Wind Whipped War Zone

In the wake of an early morning whipping from the Santa Ana’s, South Pasadena and surrounding communities suffered one of the worst windstorms in recent history.

As gusts of up to 97 miles per hour (as recorded around Los Angeles) barged through December’s doors, we were not fully prepared for the equivalent of a stage 1 to stage 2 hurricane-like wind condition. Any wind speed above 75 mph is classified as hurricane winds, so we were well within what many southern states are usually forewarned about and prepared for.

Our homes, businesses, and trees were simply not used to this sort of abuse and few were ready. After all, we’re earthquake country, not hurricane ally!

Like many during the night and morning of November 30 and December 1, respectively, our family (including the dog) huddled together in the dark of a power outage. Emergency vehicle sirens, car alarms, and random wind-whipped objects kept us up, as we wondered when the calamity would stop. I could not sleep until after 3 AM; and that, only because I used earplugs.

The next morning, the electric alarm clock did not go off. But perhaps out of habit, we woke at about the usual time and rushed to get ready for the day, unaware of the destruction outside.

As we exited our home to get the kids to school on time, we surveyed the damage: our beautiful Australian Willow in the back yard didn’t make it through the night (thankfully, it fell away from the house), the front yard maples lost hefty branches, our 2-inch thick swinging wooden car gate cracked in two places, my hand-sewn seat cushion disappeared and more.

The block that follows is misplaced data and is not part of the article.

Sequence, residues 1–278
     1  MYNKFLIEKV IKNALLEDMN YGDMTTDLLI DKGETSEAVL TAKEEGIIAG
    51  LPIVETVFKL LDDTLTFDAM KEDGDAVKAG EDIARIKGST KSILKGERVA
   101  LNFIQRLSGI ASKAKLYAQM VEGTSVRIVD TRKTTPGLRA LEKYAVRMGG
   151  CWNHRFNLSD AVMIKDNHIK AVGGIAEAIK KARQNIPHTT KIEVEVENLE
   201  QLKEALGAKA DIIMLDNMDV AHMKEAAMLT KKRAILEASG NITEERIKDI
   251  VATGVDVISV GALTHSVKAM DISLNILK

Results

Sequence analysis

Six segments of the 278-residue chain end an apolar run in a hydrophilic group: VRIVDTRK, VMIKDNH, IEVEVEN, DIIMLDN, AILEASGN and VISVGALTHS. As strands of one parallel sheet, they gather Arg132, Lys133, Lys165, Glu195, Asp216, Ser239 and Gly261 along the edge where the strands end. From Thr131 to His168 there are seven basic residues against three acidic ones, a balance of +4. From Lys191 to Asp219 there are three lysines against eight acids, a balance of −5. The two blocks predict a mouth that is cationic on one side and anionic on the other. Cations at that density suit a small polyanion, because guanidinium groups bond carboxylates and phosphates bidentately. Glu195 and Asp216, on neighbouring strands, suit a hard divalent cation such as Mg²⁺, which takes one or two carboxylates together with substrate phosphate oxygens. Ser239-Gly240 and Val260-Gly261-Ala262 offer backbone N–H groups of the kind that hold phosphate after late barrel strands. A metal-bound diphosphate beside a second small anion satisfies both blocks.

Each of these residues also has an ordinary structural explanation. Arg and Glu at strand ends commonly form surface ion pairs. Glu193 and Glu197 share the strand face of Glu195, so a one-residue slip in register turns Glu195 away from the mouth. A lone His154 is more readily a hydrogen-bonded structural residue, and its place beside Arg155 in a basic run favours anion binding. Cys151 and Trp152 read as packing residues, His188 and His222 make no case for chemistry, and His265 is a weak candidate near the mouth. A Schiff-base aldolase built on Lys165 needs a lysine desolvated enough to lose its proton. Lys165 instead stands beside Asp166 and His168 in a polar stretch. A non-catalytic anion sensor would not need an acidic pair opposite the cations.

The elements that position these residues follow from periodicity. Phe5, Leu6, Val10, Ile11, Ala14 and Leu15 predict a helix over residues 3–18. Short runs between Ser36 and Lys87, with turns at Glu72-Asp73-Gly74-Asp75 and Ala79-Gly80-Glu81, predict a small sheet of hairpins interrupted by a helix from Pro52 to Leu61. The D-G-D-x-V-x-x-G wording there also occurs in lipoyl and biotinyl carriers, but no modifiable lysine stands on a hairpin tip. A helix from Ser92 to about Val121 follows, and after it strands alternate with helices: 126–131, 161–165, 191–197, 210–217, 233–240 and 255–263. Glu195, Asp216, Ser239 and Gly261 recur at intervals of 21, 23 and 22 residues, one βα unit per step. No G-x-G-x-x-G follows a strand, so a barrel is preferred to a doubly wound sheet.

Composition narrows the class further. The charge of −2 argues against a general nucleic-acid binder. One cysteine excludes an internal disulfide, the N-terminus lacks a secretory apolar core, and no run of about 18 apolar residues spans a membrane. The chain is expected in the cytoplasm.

On our block, the house next door lost windows, the house across the street lost a significant part of their roof, neighbors were cleaning their property, torn power lines dangled in mid air, and three mature palm trees were decapitated. And this was noticed upon first glance, while walking the dog and talking with neighbors.

Perhaps, still in denial or thinking it was better at school, we proceeded with our usual routine. Then, the extent of the devastation began to sink in. We were weaving through a nature-induced war zone. And our street got off easy compared to the wreckage we witnessed: trees on top of cars, trees blocking streets, leaning fences and debris everywhere.

My boys kept saying, “Look at that! Oh, look at that! Oh my gosh…” I was simply focused on not hitting the car in front of me, going at a snail’s pace because the streetlights were all out. We were late; but it was a good thing, because while we were in the car I got the cell phone call from the SPUSD, school was canceled. We turned the car around and took the 15-minute, 1.5-mile detour home.

As the days rolled by, stories of individual hardships poured in. There was chaos with families as children were dropped off at various South Pasadena schools, then classes were canceled and parents had to fight their way back through traffic to pick-up or find their children.

One story that appalled me was of a friend who (like many were dealing with a mess on their property) was also burglarized while at work that same day, heaping insult upon injury. Though according to Officer Richard Lee of the South Pasadena Police, the number of burglaries since the heavy winds was not unusually high, the rates rising since October.

School was cancelled again for Friday. My friend (still without power) and I decided to take our children out to breakfast. As we visited one of the few open restaurants, we immediately noticed how packed it was with families, kids, people trying to connect to the Internet, etc. And strangers at surrounding tables, like family, shared their wind-induced hardships and close calls.